That so much effort is needed to push for something that should be common courtesy shows how tough it has been to convince the public to embrace this etiquette.
But some measures seem to have worked, and these involve either a financial penalty or a reward.
At eatery Timbre+, located at One-North, customers pay $1 for each tray they use, and they can get back the money only when the trays are returned to the washing point. The trays are radio-chipped, allowing them to be tracked.
The system, which started around three months ago, has worked well so far. Mr Edward Chia, Timbre Group's managing director, said that over 95 per cent of trays are returned.
He believes campaigns will not be as successful because of people's short attention spans, honed by living in the age of social media and YouTube where short is sweet. "We have to be a bit more direct and clear when we want to change attitudes," he said.
Instead of penalising patrons, Kopitiam has been incentivising them to return their trays. Last year, it launched its Return Tray for Reward scheme at Kopitiam Food Court at Changi Airport Terminal 3.
Patrons have two hours after purchasing their food to return their trays. Doing so will allow customers to accumulate points when they tap their Kopitiam cards on the electronic reader situated at the tray-return stations. These points can be exchanged for free coffee or toast set.
Mr Yip Keng Soon, director of operations at Kopitiam Investment, said the initiative has proven to be satisfactory enough that it has since been expanded to two food courts at Ng Teng Fong General Hospital and Yishun Community Hospital.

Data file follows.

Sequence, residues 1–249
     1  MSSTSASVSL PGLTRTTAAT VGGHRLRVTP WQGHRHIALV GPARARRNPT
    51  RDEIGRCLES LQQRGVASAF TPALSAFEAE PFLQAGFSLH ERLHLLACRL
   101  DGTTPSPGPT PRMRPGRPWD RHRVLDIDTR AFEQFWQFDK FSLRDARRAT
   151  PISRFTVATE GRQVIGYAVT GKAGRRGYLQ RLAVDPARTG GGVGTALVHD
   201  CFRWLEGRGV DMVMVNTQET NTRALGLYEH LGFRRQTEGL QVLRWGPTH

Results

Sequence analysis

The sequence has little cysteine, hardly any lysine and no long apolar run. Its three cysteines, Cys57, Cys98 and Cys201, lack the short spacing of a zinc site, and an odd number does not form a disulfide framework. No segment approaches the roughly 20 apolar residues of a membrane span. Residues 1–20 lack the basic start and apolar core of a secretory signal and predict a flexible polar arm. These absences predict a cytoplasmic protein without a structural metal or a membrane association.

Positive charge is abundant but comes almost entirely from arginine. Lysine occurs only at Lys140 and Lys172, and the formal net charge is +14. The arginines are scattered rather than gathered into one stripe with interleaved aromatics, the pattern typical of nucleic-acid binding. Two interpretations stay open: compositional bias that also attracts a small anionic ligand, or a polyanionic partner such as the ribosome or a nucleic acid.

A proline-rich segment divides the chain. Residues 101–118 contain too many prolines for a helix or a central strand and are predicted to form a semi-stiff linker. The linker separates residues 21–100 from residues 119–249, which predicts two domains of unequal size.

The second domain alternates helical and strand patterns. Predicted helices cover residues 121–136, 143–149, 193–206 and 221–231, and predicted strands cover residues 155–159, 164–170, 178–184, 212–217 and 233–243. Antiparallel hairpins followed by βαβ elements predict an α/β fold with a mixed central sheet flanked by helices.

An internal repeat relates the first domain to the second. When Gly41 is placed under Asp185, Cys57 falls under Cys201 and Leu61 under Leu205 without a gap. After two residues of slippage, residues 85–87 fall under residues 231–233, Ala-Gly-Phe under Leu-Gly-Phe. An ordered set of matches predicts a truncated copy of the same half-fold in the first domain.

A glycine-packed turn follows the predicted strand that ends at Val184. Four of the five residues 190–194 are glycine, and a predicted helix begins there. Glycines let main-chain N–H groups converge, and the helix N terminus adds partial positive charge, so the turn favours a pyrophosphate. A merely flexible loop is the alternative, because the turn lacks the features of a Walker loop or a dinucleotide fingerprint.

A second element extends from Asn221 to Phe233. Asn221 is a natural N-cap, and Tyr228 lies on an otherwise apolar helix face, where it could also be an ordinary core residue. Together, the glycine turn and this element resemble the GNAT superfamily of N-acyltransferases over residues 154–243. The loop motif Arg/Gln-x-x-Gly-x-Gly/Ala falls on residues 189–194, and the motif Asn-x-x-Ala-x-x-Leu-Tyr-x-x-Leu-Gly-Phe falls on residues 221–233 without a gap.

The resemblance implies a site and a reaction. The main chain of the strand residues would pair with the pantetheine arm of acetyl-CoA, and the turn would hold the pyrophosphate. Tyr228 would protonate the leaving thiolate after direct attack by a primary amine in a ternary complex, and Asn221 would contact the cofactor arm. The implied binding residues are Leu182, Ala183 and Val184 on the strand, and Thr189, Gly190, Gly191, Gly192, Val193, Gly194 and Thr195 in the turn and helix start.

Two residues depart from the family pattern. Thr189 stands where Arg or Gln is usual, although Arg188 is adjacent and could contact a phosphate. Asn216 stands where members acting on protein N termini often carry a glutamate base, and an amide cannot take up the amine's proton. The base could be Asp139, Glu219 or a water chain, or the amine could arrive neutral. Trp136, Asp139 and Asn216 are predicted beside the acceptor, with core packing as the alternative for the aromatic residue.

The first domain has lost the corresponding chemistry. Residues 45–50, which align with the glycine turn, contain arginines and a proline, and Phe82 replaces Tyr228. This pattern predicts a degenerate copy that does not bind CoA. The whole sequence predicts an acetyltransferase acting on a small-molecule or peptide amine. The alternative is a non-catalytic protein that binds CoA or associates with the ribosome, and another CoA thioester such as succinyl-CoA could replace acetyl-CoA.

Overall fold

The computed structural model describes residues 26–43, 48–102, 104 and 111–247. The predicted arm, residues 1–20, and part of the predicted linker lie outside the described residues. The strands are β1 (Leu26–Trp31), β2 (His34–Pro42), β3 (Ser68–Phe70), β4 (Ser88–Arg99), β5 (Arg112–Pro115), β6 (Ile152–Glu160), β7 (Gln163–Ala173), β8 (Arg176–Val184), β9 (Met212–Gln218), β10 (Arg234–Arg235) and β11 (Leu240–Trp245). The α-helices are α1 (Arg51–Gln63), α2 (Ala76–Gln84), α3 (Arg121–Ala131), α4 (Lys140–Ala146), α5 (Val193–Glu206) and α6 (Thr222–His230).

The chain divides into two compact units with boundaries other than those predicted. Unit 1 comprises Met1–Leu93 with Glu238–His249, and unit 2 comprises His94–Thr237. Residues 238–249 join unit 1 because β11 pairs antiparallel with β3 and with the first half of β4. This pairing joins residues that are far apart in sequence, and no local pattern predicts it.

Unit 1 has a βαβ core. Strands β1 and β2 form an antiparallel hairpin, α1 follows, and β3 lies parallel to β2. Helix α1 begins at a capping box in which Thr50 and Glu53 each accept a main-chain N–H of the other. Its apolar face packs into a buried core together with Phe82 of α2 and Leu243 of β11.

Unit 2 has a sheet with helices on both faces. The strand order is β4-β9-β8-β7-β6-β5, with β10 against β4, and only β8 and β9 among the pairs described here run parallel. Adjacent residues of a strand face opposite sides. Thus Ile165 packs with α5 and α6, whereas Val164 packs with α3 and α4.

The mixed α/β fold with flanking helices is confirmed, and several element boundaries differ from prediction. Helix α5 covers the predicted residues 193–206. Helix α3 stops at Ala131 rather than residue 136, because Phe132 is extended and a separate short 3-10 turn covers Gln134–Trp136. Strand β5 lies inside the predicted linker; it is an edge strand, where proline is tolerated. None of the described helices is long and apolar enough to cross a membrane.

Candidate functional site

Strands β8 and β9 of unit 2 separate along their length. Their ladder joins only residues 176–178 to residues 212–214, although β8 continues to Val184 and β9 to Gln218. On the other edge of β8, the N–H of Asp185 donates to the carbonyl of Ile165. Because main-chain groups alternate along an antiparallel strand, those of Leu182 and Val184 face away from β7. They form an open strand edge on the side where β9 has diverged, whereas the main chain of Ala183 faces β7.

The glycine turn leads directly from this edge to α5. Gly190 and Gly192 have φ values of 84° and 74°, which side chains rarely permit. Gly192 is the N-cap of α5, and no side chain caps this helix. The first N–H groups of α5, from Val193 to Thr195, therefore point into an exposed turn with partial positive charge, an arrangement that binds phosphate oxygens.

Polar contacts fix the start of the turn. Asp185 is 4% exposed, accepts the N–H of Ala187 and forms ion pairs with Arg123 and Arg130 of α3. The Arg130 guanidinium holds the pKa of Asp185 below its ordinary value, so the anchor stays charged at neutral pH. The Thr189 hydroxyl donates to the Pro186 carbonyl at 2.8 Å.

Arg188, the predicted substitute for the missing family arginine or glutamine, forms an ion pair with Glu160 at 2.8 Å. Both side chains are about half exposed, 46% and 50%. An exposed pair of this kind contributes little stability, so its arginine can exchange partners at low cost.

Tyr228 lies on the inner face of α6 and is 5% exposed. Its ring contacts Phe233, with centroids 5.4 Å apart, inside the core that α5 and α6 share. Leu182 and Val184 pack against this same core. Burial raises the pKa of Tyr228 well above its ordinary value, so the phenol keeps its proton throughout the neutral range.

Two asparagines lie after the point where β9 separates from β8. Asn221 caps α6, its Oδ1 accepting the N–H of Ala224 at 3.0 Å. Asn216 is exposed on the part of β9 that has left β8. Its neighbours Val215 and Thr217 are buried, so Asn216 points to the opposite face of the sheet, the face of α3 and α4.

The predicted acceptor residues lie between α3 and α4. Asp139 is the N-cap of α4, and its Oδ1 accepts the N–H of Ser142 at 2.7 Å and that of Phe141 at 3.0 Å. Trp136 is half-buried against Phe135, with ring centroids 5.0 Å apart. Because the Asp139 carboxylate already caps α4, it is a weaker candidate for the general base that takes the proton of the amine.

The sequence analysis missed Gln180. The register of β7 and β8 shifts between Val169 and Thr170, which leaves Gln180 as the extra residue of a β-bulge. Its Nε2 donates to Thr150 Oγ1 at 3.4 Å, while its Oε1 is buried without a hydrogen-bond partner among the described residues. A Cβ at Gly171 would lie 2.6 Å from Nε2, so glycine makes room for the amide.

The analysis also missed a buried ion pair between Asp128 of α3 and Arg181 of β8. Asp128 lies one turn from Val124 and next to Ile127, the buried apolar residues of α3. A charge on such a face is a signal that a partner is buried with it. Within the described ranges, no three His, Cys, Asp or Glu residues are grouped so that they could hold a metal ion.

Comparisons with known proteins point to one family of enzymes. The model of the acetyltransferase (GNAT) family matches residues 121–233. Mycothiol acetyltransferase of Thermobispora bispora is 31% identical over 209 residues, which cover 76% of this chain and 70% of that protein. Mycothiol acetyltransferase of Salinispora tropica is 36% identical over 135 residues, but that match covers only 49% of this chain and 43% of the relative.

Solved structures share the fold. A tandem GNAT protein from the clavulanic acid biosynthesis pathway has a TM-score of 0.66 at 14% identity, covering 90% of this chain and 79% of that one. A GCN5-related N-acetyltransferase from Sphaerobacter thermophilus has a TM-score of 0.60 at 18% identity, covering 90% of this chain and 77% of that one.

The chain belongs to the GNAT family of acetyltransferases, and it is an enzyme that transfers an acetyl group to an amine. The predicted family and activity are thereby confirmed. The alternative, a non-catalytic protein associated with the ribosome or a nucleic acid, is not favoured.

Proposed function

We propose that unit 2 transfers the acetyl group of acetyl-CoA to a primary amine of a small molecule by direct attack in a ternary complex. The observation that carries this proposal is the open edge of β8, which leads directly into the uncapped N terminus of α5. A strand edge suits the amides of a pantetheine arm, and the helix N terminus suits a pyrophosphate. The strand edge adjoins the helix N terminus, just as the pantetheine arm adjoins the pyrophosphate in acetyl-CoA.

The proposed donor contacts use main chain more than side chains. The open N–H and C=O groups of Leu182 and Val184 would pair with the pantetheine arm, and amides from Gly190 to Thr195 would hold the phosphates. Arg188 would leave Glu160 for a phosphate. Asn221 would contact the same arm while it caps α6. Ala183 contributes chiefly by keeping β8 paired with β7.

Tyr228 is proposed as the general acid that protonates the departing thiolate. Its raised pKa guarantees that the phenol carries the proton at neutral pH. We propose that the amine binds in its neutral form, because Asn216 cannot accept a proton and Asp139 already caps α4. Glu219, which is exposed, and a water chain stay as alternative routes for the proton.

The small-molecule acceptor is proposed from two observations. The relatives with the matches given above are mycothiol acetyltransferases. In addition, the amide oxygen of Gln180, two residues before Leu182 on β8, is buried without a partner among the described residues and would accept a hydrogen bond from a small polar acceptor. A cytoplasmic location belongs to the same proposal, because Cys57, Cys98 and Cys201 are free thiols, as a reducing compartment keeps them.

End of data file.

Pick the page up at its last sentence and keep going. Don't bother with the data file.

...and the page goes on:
Kopitiam operates more than 70 food court outlets and coffeeshops.
Dr Dianna Chang, a lecturer in SIM University's marketing programme, believes such incentive-based systems will "work wonders" in producing the desired outcome, but warns "the behaviour change will disappear once the incentive is gone" unless a habit is formed.
But Dr Wan believes it is at least a start, and hopes that over time such carrot-and-stick methods will motivate more Singaporeans to make tray-returning a norm.
"It is said that Singaporeans will queue for freebies. It is also said that we have become a market society - everything is monetised," said Dr Wan. "There is some truth in that, so monetary or in-kind incentives seem to work. It can only be an initial way to habitualise a good practice... Only ownership of the problem can create a successful tray-return culture."
EDUCATING THE YOUNG
There are other suggestions on how to improve the rate of tray returns, for instance, placing tray counters at more convenient locations and making them more visible.
Mr D'Silva points to the Kopitiam food court at the National University Hospital. Trays can be slotted easily into pigeonholes, which also makes it easier for cleaners to retrieve used utensils. This improves productivity and efficiency.
Ideally, people should return trays not just because it gives flies, pigeons and other pests less chance to feed off leftovers, and helps clear some space for other diners, but because it is a social grace.
And starting young may be the best way to inculcate this.
Ms Neeta Lachmandas, executive director of the Institute of Service Excellence at Singapore Management University, said education should start at a young age, similar to how children are taught to brush their teeth.
But it is the home where such values are best taught.
Children should be educated to bring their plates and cutlery to the sink after every meal, even if the family has a domestic maid. If such table manners become second nature at home, then children would not think twice about returning trays when they get older.
In the Brickworks example, it is ironic that schoolchildren are the ones playing the role of tray-return advocates when one would normally expect adults to be the ones to set an example for others.
After all, clearing up one's own mess is what an adult does, isn't it?